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This community space is an early model for a new kind of civic institution โ€” a public library for 21st-century literacy. Dynamicland envisions a future where every town has a โ€œdynamic libraryโ€ with computational literature on every subject, where people gather to collectively author and explore this literature, using the medium to represent and debate their ideas using computational models. People will hold presentations and town-hall discussions on issues of importance to the community, using the medium to see facts, explore consequences of proposals, and make data-driven decisions collectively. The public benefit of transforming collective learning and civic engagement is potentially immeasurable.

๐Ÿง‘โ€๐Ÿ’ผ Office, messaging and verbs

The way forward for productivity is probably not to take software applications and document models that were conceived and built in a non-networked age and put them into the cloud

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It takes time, but sooner or later we stop replicating the old methods with the new tools and find new methods to fit the new tools

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What kills that task is not better or cheaper (or worse and free) spreadsheet or presentation software, but a completely different way to address the same underlying need - a different mechanism

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But it should be replaced by a SaaS dashboard with realtime data, alerts for unexpected changes and a chat channel or Slack integration. PowerPoint gets killed by things that aren't presentations at all

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You don't actually send email or make a spreadsheet - you analyze, delegate, report, confer, decide, track and so on. Or, perhaps, 'what's going on, what are we doing and what should we be doing?

๐Ÿง‘โ€๐ŸŽจ Software designers, not engineers An interview from alternative universe

In my universe, we treat the creation of software as a design activity, putting it as a third item on the same level as science and art.

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when we start a software project, we think of it in more general terms. A typical form of what you call specification in our world is a bit more like a design brief. A much more space is dedicated to the context in which the work is happening, the problem that you are trying to solve and constraints that you are facing, but design briefs say very little about any specific potential software solution to the problem.

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When you're solving a problem, even as you get to a more technical level, you always keep in mind why you are solving it.

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The problem really only becomes apparent as you try to solve it. So, the key thing is to quickly iterate. You come up with a new framing for the problem, sketch a solution based on your framing and see what it looks like. If it looks good to you, you show it to the customer, or you sketch a range of different prototypes.

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Software sketches are very ambiguous. When you are sketching, you are omitting a lot of details and so the sketching tool will give you something that can behave in unexpected ways in certain situations.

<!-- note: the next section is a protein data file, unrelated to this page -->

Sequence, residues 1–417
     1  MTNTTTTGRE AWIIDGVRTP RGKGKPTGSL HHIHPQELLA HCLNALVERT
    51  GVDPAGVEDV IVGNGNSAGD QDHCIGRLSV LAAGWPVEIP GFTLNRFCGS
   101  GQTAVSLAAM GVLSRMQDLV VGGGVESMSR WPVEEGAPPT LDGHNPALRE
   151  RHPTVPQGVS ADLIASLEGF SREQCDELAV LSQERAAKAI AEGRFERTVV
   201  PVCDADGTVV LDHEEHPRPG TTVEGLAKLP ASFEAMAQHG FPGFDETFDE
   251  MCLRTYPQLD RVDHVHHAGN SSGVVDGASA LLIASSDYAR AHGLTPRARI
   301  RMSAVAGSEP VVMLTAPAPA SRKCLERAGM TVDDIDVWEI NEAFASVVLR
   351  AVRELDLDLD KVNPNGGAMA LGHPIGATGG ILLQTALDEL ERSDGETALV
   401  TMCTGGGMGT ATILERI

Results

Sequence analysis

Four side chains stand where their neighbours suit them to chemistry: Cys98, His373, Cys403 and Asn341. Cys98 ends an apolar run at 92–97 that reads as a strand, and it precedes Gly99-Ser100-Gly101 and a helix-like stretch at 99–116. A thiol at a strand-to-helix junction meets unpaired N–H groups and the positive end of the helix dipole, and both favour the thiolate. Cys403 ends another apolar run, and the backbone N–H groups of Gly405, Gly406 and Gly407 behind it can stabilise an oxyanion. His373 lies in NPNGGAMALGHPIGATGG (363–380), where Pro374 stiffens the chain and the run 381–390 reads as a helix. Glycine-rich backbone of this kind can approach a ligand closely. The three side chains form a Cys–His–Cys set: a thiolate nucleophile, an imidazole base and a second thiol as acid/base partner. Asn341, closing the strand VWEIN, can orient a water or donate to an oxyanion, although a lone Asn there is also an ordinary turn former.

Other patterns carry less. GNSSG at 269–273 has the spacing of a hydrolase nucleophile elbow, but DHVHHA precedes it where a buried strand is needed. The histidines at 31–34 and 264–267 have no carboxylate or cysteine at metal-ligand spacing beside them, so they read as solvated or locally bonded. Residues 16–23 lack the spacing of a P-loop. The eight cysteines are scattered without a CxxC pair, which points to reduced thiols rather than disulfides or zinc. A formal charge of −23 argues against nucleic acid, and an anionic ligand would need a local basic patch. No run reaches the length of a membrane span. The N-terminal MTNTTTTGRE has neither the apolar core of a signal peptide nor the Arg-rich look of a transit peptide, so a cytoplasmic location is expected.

This is actually quite valuable, because this ambiguity allows your ideas to evolve. You can often learn quite a lot about the problem from the things that are underspecified in your sketches.

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Very often, the right problem framing makes it possible to see a problem in a new way

โญ• Our Brain Typically Overlooks This Brilliant Problem-Solving Strategy

People often limit their creativity by continually adding new features to a design rather than removing existing ones

๐Ÿ› ๏ธ The state of internal tools in 2021

Developers spend more than 30% of their time building internal applications.

That number jumps to 45% for companies with 5000+ employees.

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More than 57% of companies reported at least one full-time employee dedicated to internal tools.

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77% of companies with 500+ employees have dedicated teams for building and maintaining internal apps

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2 out of 3 developers default to building from scratch, as opposed to using a spreadsheet or a SaaS tool.

๐Ÿ•น๏ธ Serious Play

Games remain the most underrated and underexplored medium of art ever conceived by humans

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Video games are right now shaping the patterns that will define the next generation of Design. Many of the hot topics in tech today like artificial intelligence, augmented reality, and remote collaboration have been brewing in video games for decades

โ™พ๏ธ Systems design explains the world

What is systems design? It's the thing that will eventually kill your project if you do it wrong, but probably not right away. It's macroeconomics instead of microeconomics.

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Most of all, systems design is invisible to people who don't know how to look for it

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With systems design, the key insight might be a one-sentence explanation given at the right time to the right person, that affects the next 5 years of work

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What makes the Innovator's Dilemma so beautiful, from a systems design point of view, is the "dilemma" part. The dilemma comes from the fact that all large companies are heavily optimized to discard ideas that aren't as profitable as their existing core business